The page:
Cinema entrepreneur Abraham Tuschinski left his mark on the Dutch cinema in the 1920s and 30s. Not only the interiors of his movie theaters were of an unprecedented luxury, also the printed matter for his cinemas was made with great care. Designers like Jac. Jongert, Pieter den Besten, Elias Ott and Adr. Visser made attractive programs in a rich Art Deco style.
Only ‘the best of the best’ was good enough for Tuschinski, who let his movie theaters decorate in a wonderful mix of interior styles. At the height of his movie empire Tuschinski ran 10 cinemas. Most of them were located in his hometown Rotterdam. The most beautiful and only remaining movie theater is Theater Tuschinski in Amsterdam. But the Grand Theatre and Thalia Theater in Rotterdam were also richly decorated in the famous ‘Tuschinski style’. Unfortunately, all the Tuschinski cinemas in Rotterdam were destroyed in the bombing of the city in May 1940.
A lot of printed matter, such as movie posters, programs and the company journal ‘Tuschinski News’, had to be designed for the Tuschinski theaters. These publications were just like the interior designs made with great care and attention. Tuschinski wanted to give his company a rich and modern look. Many printed matter was therefore designed in the style of the emerging Art Deco.
Elias Ott (1883-1969)
One of the first programs for Theater Tuschinski is designed by commercial artist Elias Ott. Ott made the cover design in 1923, only 2 years after the opening of Tuschinski’s movie palace. His design was also used for a show bill. The graceful dancer on the cover tries to catch the golden light rays. She symbolizes the light play of the film.
Ott might also have been inspired by the so-called ‘Butterfly Gallery’ in Theater Tuschinski. The walls of this walkway around the great cinema hall are covered with magical butterfly girls, a popular theme in the cabaret of the 20s. Maybe Ott depicted his own butterfly girl on the program cover?
Jac. Jongert (1883-1942)
For the next season Tuschinski ordered 2 cover designs from Jac. Jongert, who was well known for his modern advertising work. Especially his ads for the tobacco, cigarettes, coffee and tea from Van Nelle stood out because of their bright contrasting colors and modern serif fonts. Jongerts cover designs for the programs of Theater Tuschinski en the Grand Theatre show the same stylistic features as his advertisements for Van Nelle.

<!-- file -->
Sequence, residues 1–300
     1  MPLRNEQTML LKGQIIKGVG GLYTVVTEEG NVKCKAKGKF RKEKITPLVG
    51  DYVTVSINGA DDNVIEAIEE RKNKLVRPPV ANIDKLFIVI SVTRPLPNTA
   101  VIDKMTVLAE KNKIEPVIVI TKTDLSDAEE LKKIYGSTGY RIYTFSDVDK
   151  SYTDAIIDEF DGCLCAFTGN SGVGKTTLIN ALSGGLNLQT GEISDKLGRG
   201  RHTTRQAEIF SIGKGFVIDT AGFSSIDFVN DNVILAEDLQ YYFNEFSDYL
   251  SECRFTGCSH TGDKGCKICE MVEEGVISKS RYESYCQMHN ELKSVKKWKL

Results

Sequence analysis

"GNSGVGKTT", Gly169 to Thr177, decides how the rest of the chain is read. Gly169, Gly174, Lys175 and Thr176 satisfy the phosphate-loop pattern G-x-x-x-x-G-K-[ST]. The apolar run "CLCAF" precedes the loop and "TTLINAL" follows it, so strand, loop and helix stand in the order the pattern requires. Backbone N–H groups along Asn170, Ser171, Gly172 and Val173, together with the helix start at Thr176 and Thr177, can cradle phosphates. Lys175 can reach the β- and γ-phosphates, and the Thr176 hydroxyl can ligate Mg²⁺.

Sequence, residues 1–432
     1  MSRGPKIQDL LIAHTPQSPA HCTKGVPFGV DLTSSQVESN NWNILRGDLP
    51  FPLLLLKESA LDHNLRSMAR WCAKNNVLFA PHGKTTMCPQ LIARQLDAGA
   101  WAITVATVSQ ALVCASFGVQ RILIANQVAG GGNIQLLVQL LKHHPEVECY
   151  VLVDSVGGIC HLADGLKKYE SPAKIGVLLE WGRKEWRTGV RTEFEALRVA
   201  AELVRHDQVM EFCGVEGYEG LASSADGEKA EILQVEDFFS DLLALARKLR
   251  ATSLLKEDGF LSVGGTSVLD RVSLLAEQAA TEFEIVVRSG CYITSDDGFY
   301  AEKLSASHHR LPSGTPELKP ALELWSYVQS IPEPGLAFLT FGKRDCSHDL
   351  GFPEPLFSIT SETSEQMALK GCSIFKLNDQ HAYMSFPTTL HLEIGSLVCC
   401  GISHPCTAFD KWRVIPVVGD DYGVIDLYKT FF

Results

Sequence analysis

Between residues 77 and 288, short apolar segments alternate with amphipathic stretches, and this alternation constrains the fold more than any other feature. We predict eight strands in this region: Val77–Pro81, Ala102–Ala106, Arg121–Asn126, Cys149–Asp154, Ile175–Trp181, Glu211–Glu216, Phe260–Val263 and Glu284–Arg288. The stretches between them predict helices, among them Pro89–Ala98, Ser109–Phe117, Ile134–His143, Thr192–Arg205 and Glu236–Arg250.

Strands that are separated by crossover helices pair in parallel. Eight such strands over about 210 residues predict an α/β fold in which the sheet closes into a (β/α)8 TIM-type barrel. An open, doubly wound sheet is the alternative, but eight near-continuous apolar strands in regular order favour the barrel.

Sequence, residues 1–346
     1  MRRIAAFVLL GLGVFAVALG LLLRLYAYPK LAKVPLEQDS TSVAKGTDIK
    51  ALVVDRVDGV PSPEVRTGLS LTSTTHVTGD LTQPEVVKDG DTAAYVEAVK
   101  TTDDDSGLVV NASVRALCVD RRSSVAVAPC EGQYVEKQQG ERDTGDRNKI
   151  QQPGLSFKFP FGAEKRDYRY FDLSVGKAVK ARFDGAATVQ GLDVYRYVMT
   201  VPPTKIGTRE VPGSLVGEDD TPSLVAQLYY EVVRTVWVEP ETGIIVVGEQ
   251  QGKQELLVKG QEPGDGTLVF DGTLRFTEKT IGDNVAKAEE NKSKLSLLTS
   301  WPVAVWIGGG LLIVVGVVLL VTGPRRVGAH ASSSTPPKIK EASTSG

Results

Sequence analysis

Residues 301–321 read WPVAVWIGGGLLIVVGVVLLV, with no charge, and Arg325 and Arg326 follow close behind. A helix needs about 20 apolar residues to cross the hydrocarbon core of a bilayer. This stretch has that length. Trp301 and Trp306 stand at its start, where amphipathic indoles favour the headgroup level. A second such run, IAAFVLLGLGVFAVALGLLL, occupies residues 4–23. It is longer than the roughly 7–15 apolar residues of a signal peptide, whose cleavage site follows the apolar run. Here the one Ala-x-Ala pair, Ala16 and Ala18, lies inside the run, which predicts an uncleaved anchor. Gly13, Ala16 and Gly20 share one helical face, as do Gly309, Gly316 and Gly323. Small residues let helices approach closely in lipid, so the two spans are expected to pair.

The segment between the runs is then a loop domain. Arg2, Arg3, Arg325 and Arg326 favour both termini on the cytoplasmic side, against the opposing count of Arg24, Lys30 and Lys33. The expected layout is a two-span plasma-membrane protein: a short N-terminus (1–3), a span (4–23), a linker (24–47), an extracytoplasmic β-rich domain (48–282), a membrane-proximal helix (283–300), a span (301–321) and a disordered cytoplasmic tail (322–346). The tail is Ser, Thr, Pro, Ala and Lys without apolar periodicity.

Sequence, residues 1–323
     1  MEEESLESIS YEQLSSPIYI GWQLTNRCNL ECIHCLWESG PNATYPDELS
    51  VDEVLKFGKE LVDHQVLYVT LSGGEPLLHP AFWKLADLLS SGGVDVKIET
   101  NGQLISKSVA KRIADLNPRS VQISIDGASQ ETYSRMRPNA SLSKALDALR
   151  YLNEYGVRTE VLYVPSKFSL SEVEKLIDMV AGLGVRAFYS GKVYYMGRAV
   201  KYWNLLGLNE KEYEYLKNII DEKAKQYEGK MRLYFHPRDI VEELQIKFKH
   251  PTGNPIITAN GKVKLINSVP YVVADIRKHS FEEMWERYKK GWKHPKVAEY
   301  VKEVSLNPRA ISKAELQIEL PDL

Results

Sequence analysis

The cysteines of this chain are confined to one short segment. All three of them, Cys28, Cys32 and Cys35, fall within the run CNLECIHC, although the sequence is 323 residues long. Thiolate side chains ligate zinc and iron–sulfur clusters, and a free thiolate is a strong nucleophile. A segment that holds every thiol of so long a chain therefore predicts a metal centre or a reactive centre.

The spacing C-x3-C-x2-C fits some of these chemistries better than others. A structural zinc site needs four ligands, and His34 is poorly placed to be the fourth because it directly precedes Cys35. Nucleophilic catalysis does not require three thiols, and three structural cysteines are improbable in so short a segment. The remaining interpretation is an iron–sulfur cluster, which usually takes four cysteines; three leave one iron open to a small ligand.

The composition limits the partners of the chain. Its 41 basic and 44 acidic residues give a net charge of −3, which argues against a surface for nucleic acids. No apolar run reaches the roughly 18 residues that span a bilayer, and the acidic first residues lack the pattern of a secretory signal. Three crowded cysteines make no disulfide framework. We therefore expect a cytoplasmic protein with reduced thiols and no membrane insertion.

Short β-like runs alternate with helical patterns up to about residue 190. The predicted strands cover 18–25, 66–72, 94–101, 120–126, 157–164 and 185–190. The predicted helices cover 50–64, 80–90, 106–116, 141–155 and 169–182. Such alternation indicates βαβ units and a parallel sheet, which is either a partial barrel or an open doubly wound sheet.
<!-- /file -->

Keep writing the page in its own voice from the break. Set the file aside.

Sponsored by van Nelle?
The front and back side form one composition. On the back there’s a Van Nelle ad. It seems that the booklets are sponsored by the company. Even the layout of the pages is designed by Jongert. The gold as an accent color gives the programs the rich look that Tuschinski had in mind. Rarely so much attention was payed to the design of a “simple” program booklet.
Pieter den Besten (1894-1972)
Tuschinki’s house designer Pieter den Besten designed the program for La Gaîté. He had also designed the interior of this chic cabaret in the Grand Theatre. The woman on the cover looks a bit like the famous jazz dancer Josephine Baker. The sexy feather dress, striking hat, long gloves and high boots… everything exudes the atmosphere of the Roaring Twenties. On the back of the booklet the same lady is depicted in a hip outfit from fashion house Gerzon. The message is clear: those who party in La Gaîté, buy their clothes at Gerzon.
Art Deco fashion models
The cover design also shows a striking resemblance with the murals that were found during the restoration of Theater Tuschinski in 1999. From behind thick layers of paint emerged 18 beautiful Art Deco fashion models. They were painted by Den Besten in 1931 for the 10th anniversary of the cinema. Although these wall decorations are more refined than the (much smaller) woodcut for the program cover, there is a clear similarity in the Vogue-like poses and fashionable outfits.
The programs for the Thalia Theater and Cinema Royal are made by the unknown designer Adr. Visser. The cover designs have the same composition; the name of the cinema is placed at the top with underneath the word ‘program’ in bulbous letters and with a jagged outer edge.
Mask of Dionysus
On both booklets are dancers depicted. The women on the Thalia program dance around a mask of Dionysus, the Greek god of wine, dance and theater. This theme is often used to illustrate theater and cinema programs. It refers to the classical Greek theater and origins of Western theater arts, and therefore also to the origins of the film.